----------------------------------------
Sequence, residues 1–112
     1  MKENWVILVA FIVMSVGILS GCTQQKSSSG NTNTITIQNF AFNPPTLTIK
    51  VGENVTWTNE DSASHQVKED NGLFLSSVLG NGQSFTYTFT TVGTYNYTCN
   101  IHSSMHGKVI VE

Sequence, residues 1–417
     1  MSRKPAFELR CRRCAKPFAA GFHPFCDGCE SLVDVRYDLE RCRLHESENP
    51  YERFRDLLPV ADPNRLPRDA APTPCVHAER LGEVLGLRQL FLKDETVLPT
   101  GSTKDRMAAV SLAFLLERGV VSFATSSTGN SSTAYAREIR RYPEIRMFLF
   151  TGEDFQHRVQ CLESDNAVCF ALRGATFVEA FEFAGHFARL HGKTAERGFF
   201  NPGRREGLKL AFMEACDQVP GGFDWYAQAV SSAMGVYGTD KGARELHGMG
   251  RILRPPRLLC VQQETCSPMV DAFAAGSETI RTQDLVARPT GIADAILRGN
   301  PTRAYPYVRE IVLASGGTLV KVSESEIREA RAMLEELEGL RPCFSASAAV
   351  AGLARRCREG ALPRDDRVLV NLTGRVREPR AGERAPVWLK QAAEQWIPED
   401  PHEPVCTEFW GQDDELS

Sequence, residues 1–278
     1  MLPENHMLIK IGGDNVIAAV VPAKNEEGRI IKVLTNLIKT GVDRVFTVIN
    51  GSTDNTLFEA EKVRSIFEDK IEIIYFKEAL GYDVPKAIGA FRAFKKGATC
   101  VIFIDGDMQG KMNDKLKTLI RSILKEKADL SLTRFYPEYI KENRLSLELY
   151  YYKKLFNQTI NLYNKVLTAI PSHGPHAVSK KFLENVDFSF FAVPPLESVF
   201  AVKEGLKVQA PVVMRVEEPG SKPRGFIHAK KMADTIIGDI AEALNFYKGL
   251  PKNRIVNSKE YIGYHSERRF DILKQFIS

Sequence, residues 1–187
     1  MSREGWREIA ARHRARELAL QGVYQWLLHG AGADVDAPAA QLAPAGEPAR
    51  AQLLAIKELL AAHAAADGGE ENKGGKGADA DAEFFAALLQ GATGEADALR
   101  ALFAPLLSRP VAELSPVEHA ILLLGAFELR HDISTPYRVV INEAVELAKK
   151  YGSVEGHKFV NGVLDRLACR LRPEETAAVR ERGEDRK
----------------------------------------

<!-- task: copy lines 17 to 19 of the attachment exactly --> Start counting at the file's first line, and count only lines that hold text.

    51  GSTDNTLFEA EKVRSIFEDK IEIIYFKEAL GYDVPKAIGA FRAFKKGATC
   101  VIFIDGDMQG KMNDKLKTLI RSILKEKADL SLTRFYPEYI KENRLSLELY
   151  YYKKLFNQTI NLYNKVLTAI PSHGPHAVSK KFLENVDFSF FAVPPLESVF